Noxolo Bobotyane, a veteran of more than a decade in South Africa’s gold fields, has seen firsthand how women are sexually harassed as they start their shifts each day. Jammed into a metal cage with other mineworkers as they descend deep below the earth’s surface, there is literally no way out.
“The distance we are standing when we are inside the cage, we are so close to each other,” said Bobotyane, who is a union steward. “A man will touch you, when you are just standing in front of him and there is no way you can go anywhere, you are just standing in front of him. So you just wait for the cage to go down.”
From South Africa’s ultra-deep shafts to the vast iron ore pits of Western Australia, the message from the world’s mines is overwhelming. Women are not safe. Local workers across the board are confronted with blatant and normalised racism, often from their expatriate managers. And a pervasively macho culture in the remote camp sites means that bullying is a normal part of the job.
Mining’s toxic culture is no secret. But an explosive report this week from Rio Tinto Group has laid bare the scale and severity of the problem. The world’s biggest mining companies are already under heavy investor scrutiny for their contribution to global emissions — now the disturbing revelations are threatening to open a major new front of investor pressure.
“Senior leaders and boards across the mining industry should also be carefully considering if they should take similar steps,” said Debby Blakey, chief executive officer at the Health Employees Superannuation Trust Australia, which manages A$68 billion in retirement savings for 900 000 workers, more than 80% of whom are women.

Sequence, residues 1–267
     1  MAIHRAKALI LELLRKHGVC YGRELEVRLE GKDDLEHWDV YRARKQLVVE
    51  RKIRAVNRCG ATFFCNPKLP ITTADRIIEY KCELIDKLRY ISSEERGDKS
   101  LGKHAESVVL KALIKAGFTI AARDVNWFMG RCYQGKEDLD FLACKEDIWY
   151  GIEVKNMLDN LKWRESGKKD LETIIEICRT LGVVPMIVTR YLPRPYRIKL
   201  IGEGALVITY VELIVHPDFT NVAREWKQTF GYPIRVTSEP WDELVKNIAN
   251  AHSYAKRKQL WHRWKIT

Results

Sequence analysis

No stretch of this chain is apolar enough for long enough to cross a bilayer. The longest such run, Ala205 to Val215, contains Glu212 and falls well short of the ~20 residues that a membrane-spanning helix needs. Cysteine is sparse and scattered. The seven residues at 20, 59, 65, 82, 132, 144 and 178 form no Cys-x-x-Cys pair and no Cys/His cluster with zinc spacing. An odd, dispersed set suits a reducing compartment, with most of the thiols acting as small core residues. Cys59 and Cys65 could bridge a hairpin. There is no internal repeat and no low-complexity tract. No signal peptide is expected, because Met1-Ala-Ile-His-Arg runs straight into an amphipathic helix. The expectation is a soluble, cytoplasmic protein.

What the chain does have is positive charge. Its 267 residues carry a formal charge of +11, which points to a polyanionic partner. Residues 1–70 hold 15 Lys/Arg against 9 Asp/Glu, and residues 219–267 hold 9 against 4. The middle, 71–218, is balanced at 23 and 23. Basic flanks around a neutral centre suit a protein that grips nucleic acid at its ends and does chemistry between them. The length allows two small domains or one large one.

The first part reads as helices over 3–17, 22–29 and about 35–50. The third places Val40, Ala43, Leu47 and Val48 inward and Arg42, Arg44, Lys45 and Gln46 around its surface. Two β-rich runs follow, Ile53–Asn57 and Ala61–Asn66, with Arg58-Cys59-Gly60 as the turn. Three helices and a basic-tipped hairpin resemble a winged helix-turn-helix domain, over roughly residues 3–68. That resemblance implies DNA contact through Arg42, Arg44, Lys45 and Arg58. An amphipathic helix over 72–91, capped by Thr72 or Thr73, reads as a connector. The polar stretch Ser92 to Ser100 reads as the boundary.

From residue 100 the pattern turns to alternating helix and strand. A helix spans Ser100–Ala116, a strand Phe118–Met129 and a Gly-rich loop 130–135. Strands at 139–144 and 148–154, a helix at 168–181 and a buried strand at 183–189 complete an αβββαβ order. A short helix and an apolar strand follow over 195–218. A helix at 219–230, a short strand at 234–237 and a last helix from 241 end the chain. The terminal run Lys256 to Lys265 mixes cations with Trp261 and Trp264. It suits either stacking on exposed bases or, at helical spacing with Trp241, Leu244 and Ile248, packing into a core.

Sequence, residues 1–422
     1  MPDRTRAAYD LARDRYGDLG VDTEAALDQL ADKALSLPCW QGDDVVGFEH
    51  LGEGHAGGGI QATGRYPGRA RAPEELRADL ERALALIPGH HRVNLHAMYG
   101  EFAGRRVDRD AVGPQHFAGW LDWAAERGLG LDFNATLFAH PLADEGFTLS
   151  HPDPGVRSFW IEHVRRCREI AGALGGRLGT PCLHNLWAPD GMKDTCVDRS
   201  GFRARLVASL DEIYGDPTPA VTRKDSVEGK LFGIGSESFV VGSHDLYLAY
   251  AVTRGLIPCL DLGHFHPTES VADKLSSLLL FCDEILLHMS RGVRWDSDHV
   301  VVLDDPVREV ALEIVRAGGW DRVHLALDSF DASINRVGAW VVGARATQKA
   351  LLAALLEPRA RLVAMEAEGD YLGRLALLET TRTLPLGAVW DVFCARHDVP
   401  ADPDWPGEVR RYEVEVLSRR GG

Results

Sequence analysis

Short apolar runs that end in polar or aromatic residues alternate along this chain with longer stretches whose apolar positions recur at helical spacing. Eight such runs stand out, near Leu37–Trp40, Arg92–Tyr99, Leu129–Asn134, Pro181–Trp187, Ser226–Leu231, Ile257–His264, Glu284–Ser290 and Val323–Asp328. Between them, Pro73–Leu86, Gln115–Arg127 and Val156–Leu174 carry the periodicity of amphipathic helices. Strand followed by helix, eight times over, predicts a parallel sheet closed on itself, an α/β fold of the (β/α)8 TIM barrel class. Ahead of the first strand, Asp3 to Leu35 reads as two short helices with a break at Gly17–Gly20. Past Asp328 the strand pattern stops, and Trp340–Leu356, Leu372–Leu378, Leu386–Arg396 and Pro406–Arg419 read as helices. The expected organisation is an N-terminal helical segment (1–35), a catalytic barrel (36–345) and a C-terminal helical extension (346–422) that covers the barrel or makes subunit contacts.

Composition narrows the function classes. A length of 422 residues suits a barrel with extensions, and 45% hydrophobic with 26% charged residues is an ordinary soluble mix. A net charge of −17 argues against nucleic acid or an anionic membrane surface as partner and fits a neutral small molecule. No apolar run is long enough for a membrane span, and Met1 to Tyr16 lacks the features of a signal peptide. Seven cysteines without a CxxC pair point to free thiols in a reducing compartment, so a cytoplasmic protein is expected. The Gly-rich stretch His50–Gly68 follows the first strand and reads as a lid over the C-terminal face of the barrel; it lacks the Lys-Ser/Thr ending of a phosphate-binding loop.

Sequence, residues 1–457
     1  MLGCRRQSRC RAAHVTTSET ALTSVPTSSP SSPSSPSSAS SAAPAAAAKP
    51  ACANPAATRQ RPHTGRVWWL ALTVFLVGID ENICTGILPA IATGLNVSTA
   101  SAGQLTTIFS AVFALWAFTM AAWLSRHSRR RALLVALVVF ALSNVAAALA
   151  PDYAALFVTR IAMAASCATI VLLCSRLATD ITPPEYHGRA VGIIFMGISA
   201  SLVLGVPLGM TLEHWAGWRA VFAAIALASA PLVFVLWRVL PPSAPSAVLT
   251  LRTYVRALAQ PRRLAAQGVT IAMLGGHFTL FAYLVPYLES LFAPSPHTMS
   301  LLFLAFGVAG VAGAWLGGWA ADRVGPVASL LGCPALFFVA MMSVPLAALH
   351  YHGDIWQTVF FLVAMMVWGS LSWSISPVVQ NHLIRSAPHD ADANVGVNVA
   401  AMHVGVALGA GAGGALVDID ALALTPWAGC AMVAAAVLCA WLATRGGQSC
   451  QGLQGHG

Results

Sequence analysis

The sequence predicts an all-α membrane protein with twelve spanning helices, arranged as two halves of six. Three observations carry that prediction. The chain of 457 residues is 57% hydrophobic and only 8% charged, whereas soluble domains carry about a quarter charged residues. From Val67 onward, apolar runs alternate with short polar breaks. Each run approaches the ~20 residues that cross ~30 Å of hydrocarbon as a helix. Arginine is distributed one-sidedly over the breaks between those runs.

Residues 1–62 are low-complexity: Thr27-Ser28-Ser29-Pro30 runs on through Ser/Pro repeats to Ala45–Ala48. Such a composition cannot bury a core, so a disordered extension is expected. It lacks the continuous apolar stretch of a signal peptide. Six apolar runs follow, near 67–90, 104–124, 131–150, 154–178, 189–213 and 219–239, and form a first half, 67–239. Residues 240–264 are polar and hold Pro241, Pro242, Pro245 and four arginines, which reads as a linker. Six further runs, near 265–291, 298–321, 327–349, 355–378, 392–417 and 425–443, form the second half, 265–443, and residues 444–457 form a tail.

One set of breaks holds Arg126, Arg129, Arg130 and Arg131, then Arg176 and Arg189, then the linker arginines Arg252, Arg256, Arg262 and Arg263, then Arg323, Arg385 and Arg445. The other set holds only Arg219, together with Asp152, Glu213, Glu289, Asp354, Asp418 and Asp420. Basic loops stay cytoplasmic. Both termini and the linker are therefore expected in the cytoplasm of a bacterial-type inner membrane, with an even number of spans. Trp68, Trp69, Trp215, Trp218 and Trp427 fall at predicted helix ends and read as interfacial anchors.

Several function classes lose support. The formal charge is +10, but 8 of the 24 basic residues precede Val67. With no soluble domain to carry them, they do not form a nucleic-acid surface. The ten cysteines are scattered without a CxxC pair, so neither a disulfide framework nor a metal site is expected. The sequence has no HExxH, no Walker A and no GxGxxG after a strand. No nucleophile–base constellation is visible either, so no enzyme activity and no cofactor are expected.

“HESTA will be writing to mining companies to understand how they are considering these issues and will seek to engage with senior management and boards on how they are overseeing company culture,” Blakey said.
Investors this week welcomed Rio Tinto’s transparency in publishing its investigation, but said they will press the company and others on the issue. Several said they are likely to push for similar disclosures from other large producers.
Senior executives at big mining companies said they are expecting that scrutiny over the issue could become comparable to the backlashes over environmental disasters or worker deaths that triggered industrywide changes in the past.
Rio Tinto said earlier this week it will implement all the recommendations in the report, which was conducted for the company by former Australian Sex Discrimination Commissioner Elizabeth Broderick. BHP Group, the largest miner, said in a statement that it has extensive training, systems and processes in place to keep improving both the physical and psychological safety of its employees. The company also said that in the last two years it had significantly increased its work to address gender-based and domestic violence.
The Rio Tinto investigation found that more than a quarter of female workers had experienced sexual harassment and almost half of all staff have been victims of bullying. A total of 21 women reported actual or attempted rape or sexual assault at company sites over the past five years.
One person said there was an unofficial list of individual leaders that female employees should avoid having early morning or late night meetings with, the report said. Some of those leaders are still working for Rio Tinto, it said.
But the issue goes beyond Rio Tinto.
“Rio Tinto’s report is only shocking to those who haven’t had the experience of working or living in the sector,” said Patricia Procopio, the president of Women in Mining Brasil who has been in mining for over 30 years. “This is the reality for many of us.”
Sexual harassment in the cages – or elevators – has been a problem for years in South Africa, said Hanlie van Vuuren, head of health and safety at union Solidarity.